Escape Analysis allows a compiler to determine whether an object is accessible outside the allocating method or thread. This information is used to perform optimizations such as Scalar Replacement, Stack Allocation and Lock Elision, allowing modern dynamic compilers to remove some of the abstractions introduced by advanced programming models.
The all-or-nothing approach taken by most Escape Analysis algorithms prevents all these optimizations as soon as there is one branch where the object escapes, no matter how unlikely this branch is at runtime.
This paper presents a new, practical algorithm that performs control flow sensitive Partial Escape Analysis in a dynamic Java compiler. It allows Escape Analysis, Scalar Replacement and Lock Elision to be performed on individual branches. We implemented the algorithm on top of Graal, an open-source Java just-in-time compiler, and it performs well on a diverse set of benchmarks.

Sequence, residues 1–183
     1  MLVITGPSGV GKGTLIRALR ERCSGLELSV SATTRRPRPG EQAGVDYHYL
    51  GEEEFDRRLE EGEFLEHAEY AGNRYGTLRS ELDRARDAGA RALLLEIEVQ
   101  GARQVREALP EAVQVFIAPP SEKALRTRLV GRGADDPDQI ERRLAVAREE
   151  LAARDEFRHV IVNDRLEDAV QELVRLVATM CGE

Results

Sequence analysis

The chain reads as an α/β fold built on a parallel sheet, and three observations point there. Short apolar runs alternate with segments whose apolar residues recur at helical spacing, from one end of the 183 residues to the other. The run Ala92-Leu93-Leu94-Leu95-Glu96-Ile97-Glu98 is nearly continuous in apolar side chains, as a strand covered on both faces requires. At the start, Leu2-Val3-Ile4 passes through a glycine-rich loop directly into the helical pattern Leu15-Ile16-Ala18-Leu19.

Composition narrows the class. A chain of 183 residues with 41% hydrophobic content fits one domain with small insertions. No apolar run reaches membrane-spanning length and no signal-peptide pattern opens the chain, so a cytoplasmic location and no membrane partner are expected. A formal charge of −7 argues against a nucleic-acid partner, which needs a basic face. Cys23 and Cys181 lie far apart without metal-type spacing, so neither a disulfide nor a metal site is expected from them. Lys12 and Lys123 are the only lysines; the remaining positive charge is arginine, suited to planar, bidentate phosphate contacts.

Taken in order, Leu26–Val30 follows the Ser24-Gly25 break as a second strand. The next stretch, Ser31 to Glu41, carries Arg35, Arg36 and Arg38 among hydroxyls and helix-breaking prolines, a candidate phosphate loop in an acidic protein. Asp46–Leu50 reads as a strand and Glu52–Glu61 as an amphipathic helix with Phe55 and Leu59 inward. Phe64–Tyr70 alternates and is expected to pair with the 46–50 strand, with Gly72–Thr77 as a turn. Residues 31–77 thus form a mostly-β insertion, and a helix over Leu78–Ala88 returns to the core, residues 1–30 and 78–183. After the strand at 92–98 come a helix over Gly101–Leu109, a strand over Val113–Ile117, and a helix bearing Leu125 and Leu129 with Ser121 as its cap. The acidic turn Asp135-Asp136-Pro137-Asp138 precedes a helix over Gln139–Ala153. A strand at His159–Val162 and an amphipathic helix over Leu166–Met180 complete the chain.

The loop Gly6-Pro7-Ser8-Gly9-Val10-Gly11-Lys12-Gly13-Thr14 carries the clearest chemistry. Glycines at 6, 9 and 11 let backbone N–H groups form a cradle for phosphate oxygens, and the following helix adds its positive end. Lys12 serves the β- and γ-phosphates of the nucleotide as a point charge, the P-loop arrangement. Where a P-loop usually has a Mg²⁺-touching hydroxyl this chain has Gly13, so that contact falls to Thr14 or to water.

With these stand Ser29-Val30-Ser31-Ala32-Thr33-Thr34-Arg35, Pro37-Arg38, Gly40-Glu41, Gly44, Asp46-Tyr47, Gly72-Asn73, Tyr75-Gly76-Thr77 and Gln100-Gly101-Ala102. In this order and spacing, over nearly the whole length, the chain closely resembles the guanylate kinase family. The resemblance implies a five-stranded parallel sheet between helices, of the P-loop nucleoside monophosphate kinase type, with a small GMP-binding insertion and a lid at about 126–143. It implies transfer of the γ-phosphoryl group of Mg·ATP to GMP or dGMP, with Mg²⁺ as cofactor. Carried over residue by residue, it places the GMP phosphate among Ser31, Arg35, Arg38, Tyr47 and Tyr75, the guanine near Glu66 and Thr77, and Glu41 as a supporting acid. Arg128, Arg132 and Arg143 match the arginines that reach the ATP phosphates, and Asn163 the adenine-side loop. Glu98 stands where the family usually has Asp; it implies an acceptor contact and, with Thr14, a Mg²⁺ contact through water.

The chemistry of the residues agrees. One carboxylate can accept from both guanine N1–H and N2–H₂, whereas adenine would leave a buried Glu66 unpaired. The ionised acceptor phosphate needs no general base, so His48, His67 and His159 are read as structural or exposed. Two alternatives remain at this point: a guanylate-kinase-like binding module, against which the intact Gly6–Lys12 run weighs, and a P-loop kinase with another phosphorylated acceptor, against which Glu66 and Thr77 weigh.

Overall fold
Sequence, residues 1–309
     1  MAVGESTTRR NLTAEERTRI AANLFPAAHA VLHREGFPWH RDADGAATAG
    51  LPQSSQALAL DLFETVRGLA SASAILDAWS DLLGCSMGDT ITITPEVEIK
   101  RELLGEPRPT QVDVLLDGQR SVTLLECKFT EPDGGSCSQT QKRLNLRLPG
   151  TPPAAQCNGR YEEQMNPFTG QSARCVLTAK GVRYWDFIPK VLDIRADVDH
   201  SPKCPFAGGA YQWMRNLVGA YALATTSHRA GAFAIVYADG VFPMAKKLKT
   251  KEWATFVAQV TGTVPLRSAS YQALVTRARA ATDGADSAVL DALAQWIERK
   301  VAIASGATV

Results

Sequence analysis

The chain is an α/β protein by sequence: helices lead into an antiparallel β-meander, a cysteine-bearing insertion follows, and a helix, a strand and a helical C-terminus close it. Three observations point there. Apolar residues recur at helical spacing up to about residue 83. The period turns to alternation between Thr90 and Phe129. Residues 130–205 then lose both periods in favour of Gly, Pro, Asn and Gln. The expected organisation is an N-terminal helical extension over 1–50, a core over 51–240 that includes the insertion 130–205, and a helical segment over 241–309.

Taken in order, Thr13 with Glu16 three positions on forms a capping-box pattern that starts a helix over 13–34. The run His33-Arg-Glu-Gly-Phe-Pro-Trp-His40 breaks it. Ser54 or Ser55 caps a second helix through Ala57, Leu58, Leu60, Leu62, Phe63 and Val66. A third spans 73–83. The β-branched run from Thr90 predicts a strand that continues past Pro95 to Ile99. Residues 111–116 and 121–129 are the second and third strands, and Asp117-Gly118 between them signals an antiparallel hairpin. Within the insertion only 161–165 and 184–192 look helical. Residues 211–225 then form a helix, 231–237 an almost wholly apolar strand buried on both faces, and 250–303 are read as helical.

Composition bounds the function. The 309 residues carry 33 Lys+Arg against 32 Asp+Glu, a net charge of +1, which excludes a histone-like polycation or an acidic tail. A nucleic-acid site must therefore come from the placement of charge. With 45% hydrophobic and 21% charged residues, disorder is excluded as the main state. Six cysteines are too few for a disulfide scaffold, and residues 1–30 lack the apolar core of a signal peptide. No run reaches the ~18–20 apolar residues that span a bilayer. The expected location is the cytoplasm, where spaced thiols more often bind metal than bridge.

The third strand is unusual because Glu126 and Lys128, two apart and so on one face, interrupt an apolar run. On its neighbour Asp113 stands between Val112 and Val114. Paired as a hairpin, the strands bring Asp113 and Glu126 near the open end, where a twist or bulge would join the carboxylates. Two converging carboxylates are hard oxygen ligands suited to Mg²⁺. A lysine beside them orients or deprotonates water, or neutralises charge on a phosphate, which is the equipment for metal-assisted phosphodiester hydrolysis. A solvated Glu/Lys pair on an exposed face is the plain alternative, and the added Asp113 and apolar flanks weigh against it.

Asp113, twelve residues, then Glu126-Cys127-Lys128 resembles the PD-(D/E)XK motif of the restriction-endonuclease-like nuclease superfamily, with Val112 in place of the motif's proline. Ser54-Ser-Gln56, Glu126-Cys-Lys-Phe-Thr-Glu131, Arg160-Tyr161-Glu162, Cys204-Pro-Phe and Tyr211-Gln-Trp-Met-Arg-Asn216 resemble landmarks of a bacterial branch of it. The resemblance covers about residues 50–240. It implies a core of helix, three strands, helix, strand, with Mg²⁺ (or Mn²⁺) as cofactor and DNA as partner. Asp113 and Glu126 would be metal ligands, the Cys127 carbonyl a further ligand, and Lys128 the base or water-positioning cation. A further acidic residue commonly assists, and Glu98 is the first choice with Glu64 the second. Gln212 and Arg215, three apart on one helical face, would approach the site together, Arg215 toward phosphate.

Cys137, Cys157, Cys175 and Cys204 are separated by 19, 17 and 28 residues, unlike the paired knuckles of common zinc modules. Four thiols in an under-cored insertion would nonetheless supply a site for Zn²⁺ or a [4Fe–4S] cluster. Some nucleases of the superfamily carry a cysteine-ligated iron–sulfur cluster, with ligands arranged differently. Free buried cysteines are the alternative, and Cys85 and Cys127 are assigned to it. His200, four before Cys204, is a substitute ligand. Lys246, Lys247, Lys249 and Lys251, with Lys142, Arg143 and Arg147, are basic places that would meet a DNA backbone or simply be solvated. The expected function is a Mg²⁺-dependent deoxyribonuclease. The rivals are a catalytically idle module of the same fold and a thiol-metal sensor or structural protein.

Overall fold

In this paper, we evaluate the effect of Partial Escape Analysis on the DaCapo, ScalaDaCapo and SpecJBB2005 benchmarks, in terms of run-time, number and size of allocations and number of monitor operations. It performs particularly well in situations with additional levels of abstraction, such as code generated by the Scala compiler. It reduces the amount of allocated memory by up to 58.5%, and improves performance by up to 33%.